• Regulating air-conditioners in their offices to between 18 and 21°C to save energy while still providing comfortable working conditions

In addition to this, the energy generated by the descent of our cable cars sees 1 500kWh a month being fed back into the electricity grid.

 

Social Responsibility 

Class in the Clouds

The Class in the Clouds programme is aimed at South African learners from Grades 1 to 12. It affords learners an educational experience on top of TableMountain.

The programme has been running since 2002 and for a small fee, any South African school can join Table Mountain Cableway’s educational programme, which gives learners the opportunity to discover the top of TableMountain and learn about the natural flora and fauna that are found on it. It is the perfect escape from the confines of the classroom and lessons are themed around travel and tourism, geography and environmental studies.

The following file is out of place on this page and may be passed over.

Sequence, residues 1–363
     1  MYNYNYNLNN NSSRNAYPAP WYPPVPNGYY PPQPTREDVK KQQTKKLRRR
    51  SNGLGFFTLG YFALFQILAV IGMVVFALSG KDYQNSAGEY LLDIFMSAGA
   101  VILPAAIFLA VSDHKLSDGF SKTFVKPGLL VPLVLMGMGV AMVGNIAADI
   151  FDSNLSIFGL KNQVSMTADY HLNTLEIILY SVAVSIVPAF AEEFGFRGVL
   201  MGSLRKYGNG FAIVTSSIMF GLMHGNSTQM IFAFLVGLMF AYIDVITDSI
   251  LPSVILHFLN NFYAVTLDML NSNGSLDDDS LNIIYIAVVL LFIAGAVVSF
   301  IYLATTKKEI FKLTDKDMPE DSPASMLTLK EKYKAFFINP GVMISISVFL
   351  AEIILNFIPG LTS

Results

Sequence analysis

Residents of Rehoboth Age Exchange and GH Starck homes for the aged in Hanover Park enjoyed a trip to the top of Table Mountain


Residents of Rehoboth Age Exchange and GH Starck homes for the aged in Hanover Park enjoyed a trip to the top of Table Mountain ©

Concession tickets

The Cableway recognises the need to contribute positively to communities and organisations in need. As part of it’s Corporate Social Investment programme, the Cableway supports underprivileged and non-profit organisations by providing tickets (either on a complimentary or concession basis) for a day out on Table Mountain, or by providing tickets which may be used as a competition prize to raise funds for a good cause.

 

Skills Development 

Learnerships

Siyafundisa: Table Mountain Aerial Way Company’s Academy of Learning
One of the important aspects of the Cableway’s People Brand Policy is that the company is dedicated to assisting employees to reach their full potential by providing opportunities to develop skills. Siyafundisa, the Cableway’s Academy of Learning, was established to address the following business needs:

• Having formally skilled employees at staff level
• Having a formal learning pipeline for seasonal staff, ensuring longer employment relationships and skilled staff over season